What is clear is that there is no one-size-fits-all approach to building diversity. Context is critical, and doing diversity well is precisely the complex work that requires leadership rather than management solutions.
In addition, new scholarship suggests shifting the case for diversity from solely a market imperative (that it makes business sense) or a social justice imperative (that it is the right thing to do), to understanding that racial diversity is one reflection of the increasingly complex environment in which organizations operate. An organization that can maximize the power of racial diversity can in turn adapt to all the different forms of diversity, increasing its responsive capacity and ability to embrace paradox - all characteristics of an adaptive and nimble organization.
In looking at the implications of these findings for future research, RCLA scholars are motivated by the question: What would it take to move the diversity achieved across the public service workforce to the highest levels of leadership in the field?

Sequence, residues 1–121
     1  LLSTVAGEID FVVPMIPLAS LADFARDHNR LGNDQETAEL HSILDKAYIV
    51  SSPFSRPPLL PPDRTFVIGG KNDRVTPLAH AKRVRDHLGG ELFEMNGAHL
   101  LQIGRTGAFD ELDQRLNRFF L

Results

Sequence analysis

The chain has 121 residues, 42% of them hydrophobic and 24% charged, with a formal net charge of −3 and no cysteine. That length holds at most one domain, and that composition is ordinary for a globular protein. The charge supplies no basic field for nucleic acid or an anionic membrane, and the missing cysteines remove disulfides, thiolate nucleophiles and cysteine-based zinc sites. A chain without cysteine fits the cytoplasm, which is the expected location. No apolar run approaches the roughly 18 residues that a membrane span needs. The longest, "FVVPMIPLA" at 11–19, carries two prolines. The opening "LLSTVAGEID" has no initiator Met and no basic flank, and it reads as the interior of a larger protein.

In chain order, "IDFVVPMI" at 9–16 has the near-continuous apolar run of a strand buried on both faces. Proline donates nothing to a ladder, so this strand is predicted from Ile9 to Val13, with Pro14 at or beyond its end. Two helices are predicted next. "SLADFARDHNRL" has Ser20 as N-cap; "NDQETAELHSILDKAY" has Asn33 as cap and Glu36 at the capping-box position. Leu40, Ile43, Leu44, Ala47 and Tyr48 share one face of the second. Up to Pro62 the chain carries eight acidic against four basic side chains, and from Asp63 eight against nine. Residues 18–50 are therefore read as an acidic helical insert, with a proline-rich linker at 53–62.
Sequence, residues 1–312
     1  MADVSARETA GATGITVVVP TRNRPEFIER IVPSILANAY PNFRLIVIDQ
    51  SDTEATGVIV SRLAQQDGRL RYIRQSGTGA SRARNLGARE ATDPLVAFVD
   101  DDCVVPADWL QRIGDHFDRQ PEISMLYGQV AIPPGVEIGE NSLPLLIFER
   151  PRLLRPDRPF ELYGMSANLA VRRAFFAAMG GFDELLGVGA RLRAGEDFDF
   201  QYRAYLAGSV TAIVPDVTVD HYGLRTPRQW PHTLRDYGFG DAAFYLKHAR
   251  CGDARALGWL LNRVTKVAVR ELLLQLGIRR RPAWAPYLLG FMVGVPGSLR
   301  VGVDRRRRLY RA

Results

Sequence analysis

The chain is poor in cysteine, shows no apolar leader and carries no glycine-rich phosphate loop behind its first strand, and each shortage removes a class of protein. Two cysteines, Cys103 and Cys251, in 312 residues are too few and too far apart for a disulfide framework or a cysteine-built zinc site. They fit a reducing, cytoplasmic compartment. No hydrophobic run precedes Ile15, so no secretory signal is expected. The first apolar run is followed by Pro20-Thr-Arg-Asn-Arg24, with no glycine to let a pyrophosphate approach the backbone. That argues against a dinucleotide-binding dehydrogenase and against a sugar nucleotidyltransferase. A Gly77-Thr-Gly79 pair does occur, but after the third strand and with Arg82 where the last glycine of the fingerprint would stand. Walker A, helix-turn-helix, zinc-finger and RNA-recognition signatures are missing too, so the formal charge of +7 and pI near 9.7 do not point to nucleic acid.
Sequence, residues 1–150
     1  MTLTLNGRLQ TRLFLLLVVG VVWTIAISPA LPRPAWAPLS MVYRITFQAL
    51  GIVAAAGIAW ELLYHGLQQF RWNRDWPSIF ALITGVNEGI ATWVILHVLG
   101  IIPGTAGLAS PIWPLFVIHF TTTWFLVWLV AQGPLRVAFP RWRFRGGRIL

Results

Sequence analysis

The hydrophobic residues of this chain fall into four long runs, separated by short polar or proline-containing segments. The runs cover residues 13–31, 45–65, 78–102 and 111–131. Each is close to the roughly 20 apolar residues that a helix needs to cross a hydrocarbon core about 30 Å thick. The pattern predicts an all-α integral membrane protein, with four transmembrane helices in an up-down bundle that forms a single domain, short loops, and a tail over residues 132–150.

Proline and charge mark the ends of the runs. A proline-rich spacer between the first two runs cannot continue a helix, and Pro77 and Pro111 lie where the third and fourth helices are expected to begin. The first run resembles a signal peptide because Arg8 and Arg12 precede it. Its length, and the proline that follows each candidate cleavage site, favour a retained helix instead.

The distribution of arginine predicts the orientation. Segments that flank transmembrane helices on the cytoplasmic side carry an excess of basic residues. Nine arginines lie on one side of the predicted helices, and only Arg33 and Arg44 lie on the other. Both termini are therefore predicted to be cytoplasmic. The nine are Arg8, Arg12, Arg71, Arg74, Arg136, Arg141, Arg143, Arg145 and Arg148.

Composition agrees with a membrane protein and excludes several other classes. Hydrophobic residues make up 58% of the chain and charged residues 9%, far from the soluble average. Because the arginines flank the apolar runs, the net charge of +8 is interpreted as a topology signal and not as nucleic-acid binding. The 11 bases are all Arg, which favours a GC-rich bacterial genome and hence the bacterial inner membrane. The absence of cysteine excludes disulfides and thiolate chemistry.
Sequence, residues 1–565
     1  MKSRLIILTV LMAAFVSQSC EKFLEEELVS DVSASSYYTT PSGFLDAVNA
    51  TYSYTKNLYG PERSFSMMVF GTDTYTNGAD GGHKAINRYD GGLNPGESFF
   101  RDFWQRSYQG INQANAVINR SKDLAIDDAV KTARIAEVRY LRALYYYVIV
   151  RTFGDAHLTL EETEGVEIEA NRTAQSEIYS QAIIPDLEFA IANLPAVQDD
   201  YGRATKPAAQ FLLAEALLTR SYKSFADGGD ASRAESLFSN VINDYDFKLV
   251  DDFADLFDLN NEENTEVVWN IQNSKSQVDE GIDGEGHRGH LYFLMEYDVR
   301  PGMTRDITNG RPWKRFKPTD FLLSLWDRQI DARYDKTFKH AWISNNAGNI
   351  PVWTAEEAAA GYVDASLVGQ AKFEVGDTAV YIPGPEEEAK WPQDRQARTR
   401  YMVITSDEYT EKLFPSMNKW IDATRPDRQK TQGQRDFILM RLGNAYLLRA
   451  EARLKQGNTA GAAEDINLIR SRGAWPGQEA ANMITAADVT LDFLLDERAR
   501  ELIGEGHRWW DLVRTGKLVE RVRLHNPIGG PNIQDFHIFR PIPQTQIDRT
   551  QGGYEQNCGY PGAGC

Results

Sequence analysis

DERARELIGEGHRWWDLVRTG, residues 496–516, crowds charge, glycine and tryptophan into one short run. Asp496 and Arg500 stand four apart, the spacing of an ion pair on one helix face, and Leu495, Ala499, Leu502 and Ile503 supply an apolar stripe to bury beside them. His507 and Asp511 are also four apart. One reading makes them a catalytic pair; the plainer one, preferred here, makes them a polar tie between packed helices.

Research is needed that helps both scholars and practitioners discover what works in advancing and sustaining leadership diversity in public service, including the role of leadership development programs. To do this requires a better understanding of both the enabling factors and the barriers to success.
RCLA scholars suggest three principles for future research. The first is that it is multi-level, focusing on individuals' experience, organizations and the interaction between them. One main takeaway from the literature, as well as RCLA's experience, is that transformation can only be achieved by working on multiple levels in tandem. Continuing to support people of color without shifting organizational environments will not get very far, and creating organizational shifts without supporting individuals is also limited.